Poland ready to accommodate more Korean investments: charge d’affaires
Published : May 17, 2022 - 14:32
Updated : May 17, 2022 - 14:32
Polish Charge d’Affaires Arletta Brzozowska speaks at the second session of The Korea Herald’s Global Biz Forum in Gangnam-gu, Seoul, on May 11. (Jenny Sung)
Poland-Korea cooperation is flourishing and Poland is ready to accommodate more Korean investments, Polish Charge d’Affaires Arletta Brzozowska said during her opening remarks at the second edition of The Korea Herald’s Global Business Forum on May 11 in Seoul.

The forum, a 13-week event held every Wednesday, is aimed at sharing and enhancing knowledge of the international community, and for exploring overseas investment opportunities and expanding business networks.

“Poland is particularly a popular destination for Korean investment,” Brzozowska said adding there were over 270 Korean companies present in Poland, and that Korea is one of the biggest non-EU investors in her country.

Inviting the attending CEOs to participate in Poland Business Week in Seoul aimed at promoting Polish companies operating in fields of new and advanced technologies, she said that Polish companies are also looking to expand into the Korean market.

According to Brzozowska, Poland Business Week promoted Polish companies from sectors such as fintech, cybersecurity, drones, games, yachts and boats and medical devices and equipment in 2021.

Brzozowska referred to estimates from 2021 citing Korea as biggest foreign investor in Poland with investment volume reaching almost $2 billion. 
Polish Charge d’Affaires Arletta Brzozowska discusses opportunities in Poland and Poland Business week with CEOs attending The Korea Herald’s Global Biz Forum in Gangnam-gu, Seoul, on May 11. (Sanjay Kumar/The Korea Herald)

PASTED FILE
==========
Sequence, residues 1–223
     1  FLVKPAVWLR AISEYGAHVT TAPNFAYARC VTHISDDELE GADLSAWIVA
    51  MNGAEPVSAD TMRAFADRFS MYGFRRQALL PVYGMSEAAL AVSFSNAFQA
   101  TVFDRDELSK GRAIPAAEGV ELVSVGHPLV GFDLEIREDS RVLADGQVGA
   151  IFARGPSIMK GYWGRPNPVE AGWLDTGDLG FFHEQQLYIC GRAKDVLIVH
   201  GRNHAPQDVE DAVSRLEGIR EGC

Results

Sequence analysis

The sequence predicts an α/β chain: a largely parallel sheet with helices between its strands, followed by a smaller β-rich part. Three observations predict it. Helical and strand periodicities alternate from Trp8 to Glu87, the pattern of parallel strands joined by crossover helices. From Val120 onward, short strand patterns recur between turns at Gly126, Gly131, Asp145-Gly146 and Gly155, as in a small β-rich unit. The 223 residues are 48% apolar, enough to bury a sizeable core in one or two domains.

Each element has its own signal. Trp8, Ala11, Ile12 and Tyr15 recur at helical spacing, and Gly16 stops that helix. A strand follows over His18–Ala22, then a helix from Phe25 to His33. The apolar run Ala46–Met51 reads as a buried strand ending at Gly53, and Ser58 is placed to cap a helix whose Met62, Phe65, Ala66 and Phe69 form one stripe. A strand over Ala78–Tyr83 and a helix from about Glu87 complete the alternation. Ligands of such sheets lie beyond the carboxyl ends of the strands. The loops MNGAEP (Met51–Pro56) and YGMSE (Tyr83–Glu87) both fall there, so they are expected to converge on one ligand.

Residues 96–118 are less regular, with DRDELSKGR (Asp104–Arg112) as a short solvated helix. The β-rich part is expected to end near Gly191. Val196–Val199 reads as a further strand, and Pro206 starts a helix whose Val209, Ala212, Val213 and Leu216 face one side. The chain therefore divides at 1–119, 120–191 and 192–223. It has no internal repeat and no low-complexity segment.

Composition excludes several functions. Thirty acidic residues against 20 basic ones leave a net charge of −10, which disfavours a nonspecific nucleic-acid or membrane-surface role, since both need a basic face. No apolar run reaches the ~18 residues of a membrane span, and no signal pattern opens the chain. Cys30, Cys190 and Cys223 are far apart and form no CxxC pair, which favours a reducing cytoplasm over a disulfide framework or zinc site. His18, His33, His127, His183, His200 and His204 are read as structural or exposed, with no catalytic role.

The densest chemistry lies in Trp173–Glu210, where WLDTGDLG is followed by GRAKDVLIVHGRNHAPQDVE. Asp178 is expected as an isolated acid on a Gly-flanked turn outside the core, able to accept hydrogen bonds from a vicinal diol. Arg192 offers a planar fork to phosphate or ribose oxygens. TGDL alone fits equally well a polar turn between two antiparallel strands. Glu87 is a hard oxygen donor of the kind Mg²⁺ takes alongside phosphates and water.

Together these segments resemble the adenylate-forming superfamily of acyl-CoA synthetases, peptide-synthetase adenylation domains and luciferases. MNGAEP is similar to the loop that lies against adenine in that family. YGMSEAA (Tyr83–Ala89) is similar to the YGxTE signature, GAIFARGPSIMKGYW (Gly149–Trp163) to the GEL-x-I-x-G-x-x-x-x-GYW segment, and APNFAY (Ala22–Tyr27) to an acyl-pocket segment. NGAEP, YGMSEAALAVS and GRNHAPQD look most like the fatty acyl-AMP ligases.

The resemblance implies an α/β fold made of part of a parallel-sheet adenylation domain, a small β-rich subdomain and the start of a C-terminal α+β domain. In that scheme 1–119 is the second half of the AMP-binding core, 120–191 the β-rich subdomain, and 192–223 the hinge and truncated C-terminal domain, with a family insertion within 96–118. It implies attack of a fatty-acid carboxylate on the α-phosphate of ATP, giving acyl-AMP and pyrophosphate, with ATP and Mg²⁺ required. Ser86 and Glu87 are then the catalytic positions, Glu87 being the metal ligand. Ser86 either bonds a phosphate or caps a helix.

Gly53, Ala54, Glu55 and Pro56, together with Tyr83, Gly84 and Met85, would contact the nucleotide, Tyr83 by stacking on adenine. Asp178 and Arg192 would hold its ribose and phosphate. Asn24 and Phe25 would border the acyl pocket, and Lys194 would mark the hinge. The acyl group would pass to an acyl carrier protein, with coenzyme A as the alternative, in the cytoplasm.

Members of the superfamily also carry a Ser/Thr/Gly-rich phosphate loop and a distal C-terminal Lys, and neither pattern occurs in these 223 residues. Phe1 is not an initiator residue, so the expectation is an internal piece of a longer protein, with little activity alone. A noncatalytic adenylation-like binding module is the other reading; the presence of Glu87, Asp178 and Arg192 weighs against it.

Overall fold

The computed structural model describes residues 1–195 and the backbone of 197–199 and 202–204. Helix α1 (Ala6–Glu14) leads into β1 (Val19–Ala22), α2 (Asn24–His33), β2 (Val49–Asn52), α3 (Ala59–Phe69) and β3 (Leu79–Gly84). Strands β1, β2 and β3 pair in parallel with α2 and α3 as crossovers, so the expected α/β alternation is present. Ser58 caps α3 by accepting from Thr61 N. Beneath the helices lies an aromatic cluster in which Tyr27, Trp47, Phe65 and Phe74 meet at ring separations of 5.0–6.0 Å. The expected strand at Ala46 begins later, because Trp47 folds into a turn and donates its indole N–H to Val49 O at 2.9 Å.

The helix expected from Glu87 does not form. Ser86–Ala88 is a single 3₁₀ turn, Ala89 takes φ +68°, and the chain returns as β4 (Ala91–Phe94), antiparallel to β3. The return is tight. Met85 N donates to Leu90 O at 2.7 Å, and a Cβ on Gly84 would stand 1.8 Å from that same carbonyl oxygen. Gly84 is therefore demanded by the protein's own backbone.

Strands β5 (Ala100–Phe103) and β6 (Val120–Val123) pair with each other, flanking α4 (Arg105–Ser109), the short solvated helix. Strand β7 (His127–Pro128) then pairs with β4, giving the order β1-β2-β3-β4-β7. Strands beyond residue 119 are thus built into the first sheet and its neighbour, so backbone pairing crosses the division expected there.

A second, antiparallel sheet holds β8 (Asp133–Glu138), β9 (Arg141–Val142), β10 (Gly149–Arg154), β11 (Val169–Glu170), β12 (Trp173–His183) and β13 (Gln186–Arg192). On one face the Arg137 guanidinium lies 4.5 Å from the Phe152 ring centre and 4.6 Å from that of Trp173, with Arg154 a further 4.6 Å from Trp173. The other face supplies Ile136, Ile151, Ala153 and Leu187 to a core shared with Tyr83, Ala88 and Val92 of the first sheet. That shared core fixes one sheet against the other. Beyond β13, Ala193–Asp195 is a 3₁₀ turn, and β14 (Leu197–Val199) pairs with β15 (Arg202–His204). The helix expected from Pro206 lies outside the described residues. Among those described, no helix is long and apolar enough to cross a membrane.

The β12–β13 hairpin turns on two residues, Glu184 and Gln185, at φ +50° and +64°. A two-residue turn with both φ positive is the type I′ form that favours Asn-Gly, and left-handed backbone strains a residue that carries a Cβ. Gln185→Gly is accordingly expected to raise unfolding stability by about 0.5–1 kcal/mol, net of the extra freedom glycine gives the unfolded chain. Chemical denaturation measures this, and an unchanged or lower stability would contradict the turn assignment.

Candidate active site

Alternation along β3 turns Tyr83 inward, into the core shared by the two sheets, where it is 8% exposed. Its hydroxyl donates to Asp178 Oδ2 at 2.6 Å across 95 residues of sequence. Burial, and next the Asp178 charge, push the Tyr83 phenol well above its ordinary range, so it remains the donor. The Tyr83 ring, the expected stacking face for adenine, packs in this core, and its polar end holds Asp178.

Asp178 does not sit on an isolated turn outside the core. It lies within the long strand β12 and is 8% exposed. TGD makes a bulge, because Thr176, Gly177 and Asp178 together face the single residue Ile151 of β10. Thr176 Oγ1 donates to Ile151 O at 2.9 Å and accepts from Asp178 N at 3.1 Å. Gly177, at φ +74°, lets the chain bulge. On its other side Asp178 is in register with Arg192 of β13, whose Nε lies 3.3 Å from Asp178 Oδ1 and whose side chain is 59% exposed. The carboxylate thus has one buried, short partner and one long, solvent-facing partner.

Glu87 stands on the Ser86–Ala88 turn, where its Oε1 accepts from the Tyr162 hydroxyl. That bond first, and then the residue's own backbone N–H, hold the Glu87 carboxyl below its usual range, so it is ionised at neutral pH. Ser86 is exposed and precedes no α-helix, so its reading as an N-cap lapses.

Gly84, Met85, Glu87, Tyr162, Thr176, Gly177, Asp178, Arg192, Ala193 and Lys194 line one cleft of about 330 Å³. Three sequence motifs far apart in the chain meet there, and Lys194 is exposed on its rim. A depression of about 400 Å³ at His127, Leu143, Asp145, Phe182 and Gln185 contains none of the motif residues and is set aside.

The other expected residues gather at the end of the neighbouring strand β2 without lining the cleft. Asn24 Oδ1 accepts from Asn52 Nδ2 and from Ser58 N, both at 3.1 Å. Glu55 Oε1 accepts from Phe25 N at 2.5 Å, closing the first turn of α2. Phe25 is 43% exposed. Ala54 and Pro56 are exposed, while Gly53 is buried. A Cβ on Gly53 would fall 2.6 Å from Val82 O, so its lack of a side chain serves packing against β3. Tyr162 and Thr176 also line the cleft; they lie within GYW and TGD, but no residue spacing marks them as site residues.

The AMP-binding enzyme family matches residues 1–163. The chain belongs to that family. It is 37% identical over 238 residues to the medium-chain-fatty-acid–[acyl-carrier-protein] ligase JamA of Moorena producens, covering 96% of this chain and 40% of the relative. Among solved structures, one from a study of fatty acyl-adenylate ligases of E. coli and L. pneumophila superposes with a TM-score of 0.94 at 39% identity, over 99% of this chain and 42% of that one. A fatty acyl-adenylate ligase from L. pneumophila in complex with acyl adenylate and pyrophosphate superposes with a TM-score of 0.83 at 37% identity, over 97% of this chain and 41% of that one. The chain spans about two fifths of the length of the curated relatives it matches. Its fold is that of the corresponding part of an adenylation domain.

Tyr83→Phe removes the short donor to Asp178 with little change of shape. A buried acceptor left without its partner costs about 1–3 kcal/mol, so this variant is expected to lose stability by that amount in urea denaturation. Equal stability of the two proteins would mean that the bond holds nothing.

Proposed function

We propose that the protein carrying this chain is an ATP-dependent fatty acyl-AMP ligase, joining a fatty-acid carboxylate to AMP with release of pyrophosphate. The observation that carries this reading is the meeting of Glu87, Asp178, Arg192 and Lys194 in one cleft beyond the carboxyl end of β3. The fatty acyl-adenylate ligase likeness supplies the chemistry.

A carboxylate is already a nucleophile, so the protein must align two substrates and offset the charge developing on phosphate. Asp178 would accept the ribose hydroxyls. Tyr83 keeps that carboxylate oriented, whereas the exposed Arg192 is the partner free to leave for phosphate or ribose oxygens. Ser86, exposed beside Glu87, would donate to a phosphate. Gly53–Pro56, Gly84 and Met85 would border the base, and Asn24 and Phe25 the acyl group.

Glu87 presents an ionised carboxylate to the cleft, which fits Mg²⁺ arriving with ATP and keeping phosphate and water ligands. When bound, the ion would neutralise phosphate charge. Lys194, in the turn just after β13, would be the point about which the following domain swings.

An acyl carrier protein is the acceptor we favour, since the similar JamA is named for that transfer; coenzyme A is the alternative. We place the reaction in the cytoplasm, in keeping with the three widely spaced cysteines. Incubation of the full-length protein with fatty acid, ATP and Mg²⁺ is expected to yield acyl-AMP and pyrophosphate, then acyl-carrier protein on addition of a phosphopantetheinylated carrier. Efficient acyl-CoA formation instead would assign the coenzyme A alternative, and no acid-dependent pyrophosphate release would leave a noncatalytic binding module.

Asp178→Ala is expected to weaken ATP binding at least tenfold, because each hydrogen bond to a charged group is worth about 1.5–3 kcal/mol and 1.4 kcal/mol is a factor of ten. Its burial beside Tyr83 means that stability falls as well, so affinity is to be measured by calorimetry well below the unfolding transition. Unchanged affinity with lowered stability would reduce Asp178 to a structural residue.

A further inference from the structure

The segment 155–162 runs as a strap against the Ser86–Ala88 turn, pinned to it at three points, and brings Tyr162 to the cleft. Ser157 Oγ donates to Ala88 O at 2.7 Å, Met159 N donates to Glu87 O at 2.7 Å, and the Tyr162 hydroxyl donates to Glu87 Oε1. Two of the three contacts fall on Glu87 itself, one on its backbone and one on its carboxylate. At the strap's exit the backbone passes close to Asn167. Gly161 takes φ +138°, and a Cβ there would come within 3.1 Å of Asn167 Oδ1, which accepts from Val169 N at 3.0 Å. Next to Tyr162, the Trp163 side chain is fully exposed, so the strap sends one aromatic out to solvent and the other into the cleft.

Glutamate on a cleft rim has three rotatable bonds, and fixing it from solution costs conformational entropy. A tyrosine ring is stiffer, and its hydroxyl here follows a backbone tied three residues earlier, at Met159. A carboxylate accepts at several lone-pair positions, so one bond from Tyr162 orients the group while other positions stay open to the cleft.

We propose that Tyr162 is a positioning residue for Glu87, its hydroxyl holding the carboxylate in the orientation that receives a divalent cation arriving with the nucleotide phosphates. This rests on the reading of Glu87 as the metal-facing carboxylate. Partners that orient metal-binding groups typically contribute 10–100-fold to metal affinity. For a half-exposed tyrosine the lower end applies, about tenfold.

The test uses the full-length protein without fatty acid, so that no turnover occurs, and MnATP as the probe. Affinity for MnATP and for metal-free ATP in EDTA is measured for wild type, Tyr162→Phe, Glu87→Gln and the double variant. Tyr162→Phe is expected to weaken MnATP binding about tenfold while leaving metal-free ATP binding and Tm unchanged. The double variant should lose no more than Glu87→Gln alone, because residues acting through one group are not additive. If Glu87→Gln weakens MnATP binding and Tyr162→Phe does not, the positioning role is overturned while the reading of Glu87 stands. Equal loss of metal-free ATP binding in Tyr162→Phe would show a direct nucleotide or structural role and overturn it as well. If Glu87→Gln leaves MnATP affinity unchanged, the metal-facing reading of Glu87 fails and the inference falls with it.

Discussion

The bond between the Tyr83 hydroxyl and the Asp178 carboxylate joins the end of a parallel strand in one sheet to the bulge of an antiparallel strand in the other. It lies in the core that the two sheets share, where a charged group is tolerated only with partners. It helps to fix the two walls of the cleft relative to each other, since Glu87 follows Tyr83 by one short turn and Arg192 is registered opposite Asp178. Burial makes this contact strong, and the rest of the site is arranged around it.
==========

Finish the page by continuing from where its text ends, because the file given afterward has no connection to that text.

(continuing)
“A large number of Korean chaebols are present in Poland -- among them such groups as: LG, Samsung, SK, Hyundai, Halla, Posco, Doosan and Lotte,” Brzozowska said, mentioning Incheon International Airport Corporation as strategic adviser for a new airport project in Poland -- the Solidarity Transport Hub.

Brzozowska said the Polish economy had weathered the COVID-19 pandemic relatively well, maintaining the country’s value as an investment destination.

“Poland’s GDP declined by only 2.5 percent in 2020 and grew as much as 5.7 percent in 2021,” said Brzozowska emphasizing that the Polish economy is now back to pre-pandemic levels.

She underlined that Poland has remained an attractive country for foreign investment throughout the pandemic, citing CEO Magazine, which ranked Poland the third most attractive post-COVID investment destination in the world in May 2020.

“The volume of foreign investment in Poland in 2021 is estimated at $24.8 billion, which is an 82 percent increase on an annual basis,” highlighted Brzozowska.

She cited the automotive industry, appliance and device production, R&D and modern business services as the most attractive sectors for foreign direct investment.

By Sanjay Kumar (